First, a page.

Tanimi Track

Submitted: Sunday, Jan 23, 2005 at 11:25
ThreadID: 19693 Views:4519 Replies:8 FollowUps:6
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We are thinking of taking our new Goldstream Sovereign to the Kimberley via the Tanami Track mid year. We drive a 2004 Pajero. Could anybody comment about whether our setup is suitable for the Tanami Track. We will very grateful for any advice.
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Reply By: Member - Anni M (SA) - Sunday, Jan 23, 2005 at 11:42

Sunday, Jan 23, 2005 at 11:42
Hi Craigevar

I'm afraid that I don't know what a Goldstream Sovereign is so I hope that our advice is helpful.
We came down the Tanami Road in our Troopy towing an offroad campertrailer with no problems at all. Really there is so much traffic on the road now that they will bitumenise it soon. There are places where the corrugations are pretty ordinary, but it isn't too bad. Work out exactly where you are going stay though before you go. Most of the country is aboriginal reserve, so camping is limited. I would recommend Tilmouth Well Roadhouse as a very pleasant stop. Rabbit Flat is only open on selected days (closed Tuesday, Wednesday and Thursday), not only for fuel and supplies but camping too, so you need to take that into account. We bush camped beside the Sturt Creek which was lovely. Stay away from Balgo.
We've found the Lonely Planet "Outback Australia" book very useful for lots of our trips.
Have a great time.
Cheers
Anni
AnswerID: 94515

Reply By: Member - Craigevar - Sunday, Jan 23, 2005 at 11:50

Sunday, Jan 23, 2005 at 11:50
Thanks Anni. That's very encouraging and helpful. Our Goldstream Sovereign is an off-road camper trailer similar in style to a Jayco although we believe, and hope, considerably tougher.
AnswerID: 94517

Follow Up By: Member - Craigevar - Sunday, Jan 23, 2005 at 11:53

Sunday, Jan 23, 2005 at 11:53
Thanks Anni. That's very encouraging and helpful. Our Goldstream Sovereign is an off-road camper trailer similar in style to a Jayco although we believe, and hope, considerably tougher.

Oops! I just realised that I initially posted my response to myself!!
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Reply By: draff - Sunday, Jan 23, 2005 at 12:40

Sunday, Jan 23, 2005 at 12:40
I agree with Anni, you should have no trouble as long as you take it easy. We took the Tanami last June and it was pretty corrugated but once you got used to it it was fine. We camped at Mount Doreen Ruins and then at Wolfe Creek Crater. The track it detailed in the trek notes on this site so have a look at these. Have fun!
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Follow Up By: Member - Craigevar - Sunday, Jan 23, 2005 at 12:44

Sunday, Jan 23, 2005 at 12:44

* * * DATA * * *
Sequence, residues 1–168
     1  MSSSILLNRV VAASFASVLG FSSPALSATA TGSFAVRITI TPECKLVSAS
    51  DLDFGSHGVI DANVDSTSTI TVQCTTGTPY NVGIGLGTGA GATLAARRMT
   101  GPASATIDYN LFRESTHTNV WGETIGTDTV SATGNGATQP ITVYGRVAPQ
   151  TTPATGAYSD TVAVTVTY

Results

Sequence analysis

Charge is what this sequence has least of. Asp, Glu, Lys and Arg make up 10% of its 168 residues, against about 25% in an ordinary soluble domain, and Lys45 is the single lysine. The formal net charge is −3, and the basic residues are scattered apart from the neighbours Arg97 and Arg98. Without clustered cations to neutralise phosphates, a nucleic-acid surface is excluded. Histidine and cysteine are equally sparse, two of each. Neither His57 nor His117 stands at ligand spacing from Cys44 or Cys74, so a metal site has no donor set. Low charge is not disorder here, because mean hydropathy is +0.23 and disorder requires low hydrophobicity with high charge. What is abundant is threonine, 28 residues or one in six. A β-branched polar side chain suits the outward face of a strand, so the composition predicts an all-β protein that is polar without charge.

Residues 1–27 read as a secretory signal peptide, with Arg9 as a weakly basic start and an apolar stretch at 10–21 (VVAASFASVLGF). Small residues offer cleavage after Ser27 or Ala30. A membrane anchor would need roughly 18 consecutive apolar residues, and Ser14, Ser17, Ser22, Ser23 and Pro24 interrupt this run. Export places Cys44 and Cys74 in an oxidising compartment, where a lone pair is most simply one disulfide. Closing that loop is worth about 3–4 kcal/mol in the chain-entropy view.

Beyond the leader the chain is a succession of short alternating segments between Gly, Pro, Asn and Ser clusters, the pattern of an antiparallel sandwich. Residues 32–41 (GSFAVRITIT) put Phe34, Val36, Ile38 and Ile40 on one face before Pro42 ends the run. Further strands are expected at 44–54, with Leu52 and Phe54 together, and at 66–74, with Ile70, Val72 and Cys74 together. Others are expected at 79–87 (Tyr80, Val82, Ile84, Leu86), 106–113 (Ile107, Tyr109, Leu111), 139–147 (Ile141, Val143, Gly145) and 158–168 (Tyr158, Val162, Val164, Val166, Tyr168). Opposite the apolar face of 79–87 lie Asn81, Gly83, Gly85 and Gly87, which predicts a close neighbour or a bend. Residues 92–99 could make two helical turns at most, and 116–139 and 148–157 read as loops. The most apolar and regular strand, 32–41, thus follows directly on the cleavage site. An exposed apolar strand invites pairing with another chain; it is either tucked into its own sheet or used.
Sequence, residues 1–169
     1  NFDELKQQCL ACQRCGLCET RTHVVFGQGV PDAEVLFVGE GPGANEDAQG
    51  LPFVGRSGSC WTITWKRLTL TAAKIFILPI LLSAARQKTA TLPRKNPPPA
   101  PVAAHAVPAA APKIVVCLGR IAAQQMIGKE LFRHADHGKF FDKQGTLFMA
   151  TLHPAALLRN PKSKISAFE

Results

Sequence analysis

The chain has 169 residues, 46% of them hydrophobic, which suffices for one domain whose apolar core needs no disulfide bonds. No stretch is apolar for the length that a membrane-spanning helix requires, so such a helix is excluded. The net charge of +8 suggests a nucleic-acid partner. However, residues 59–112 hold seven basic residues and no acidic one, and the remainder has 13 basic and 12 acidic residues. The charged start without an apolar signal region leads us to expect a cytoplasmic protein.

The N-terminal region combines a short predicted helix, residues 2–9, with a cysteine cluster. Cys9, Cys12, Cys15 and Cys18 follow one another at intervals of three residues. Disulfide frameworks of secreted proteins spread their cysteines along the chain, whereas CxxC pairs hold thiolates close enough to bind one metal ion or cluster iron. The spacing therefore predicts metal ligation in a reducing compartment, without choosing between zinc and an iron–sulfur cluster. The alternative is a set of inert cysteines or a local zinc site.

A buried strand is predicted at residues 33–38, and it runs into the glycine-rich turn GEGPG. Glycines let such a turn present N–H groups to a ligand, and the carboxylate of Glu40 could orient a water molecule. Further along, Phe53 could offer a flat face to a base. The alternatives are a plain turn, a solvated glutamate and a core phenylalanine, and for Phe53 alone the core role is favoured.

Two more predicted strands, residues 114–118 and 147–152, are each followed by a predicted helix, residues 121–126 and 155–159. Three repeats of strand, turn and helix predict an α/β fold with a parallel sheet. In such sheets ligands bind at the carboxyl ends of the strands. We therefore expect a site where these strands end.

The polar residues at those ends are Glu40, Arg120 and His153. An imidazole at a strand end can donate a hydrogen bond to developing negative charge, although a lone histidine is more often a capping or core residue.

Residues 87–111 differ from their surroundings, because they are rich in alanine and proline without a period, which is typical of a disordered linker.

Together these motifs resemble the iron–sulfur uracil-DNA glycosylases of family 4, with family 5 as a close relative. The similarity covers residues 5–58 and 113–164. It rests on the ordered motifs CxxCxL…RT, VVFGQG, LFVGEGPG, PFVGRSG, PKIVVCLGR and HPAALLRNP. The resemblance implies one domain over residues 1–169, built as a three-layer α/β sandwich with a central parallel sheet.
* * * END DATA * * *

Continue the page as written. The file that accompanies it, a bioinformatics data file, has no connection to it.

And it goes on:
Thanks Draff. How many days did you spend on the Tanami Track?
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Reply By: Tripp'n Around - Sunday, Jan 23, 2005 at 14:18

Sunday, Jan 23, 2005 at 14:18
Hi Craig

We took 2 nights, 3 days many years ago to do the track.
We stayed at Mt Doreen the first night and some klms before Wolf Creek just off the side of the road for the second night.
The road back then was pretty good with corrugations here and there and some big patches of bulldust.
I'm sure it is some what better now.
Next time we will do it in 3 or 4 days to make sure we have a good look around.

Cya
Tripp'n
:)
AnswerID: 94537

Reply By: kimprado - Sunday, Jan 23, 2005 at 16:32

Sunday, Jan 23, 2005 at 16:32
Hi Craig,
The Tanimi Road is generally in good condition but can change rapidly with heavy usage or wet weather. Your camper trailer is made for light work. If conditions are good you'll have no problems. However, if the corrugations are well developed you could substain some damage to the trailer prior to your arrival in Halls Creek.
If there has been heavy rain (as there was last year) go the long way around.
The trip can be done quite comfortably in three days.

I'm not sure why the previous respondant made the statement about Balgo. Sure it has it's problems but there are some wonderful Aboriginal people living there. Particularly the older folk. Take a side trip and learn about the problems of our indigineous people. It will open your eyes.

Regards

Kim
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Follow Up By: Member - Anni M (SA) - Monday, Jan 24, 2005 at 09:25

Monday, Jan 24, 2005 at 09:25
Hi Kim,

I couldn't agree more about the wonderful Aboriginal people, and would recommend a stop at Yuendumu. There is also some fantastic artwork around which is well worth a look. Balgo has some significant problems at the moment and I believe it is not particularly safe. It is a very sad situation and there are efforts to try and fix it.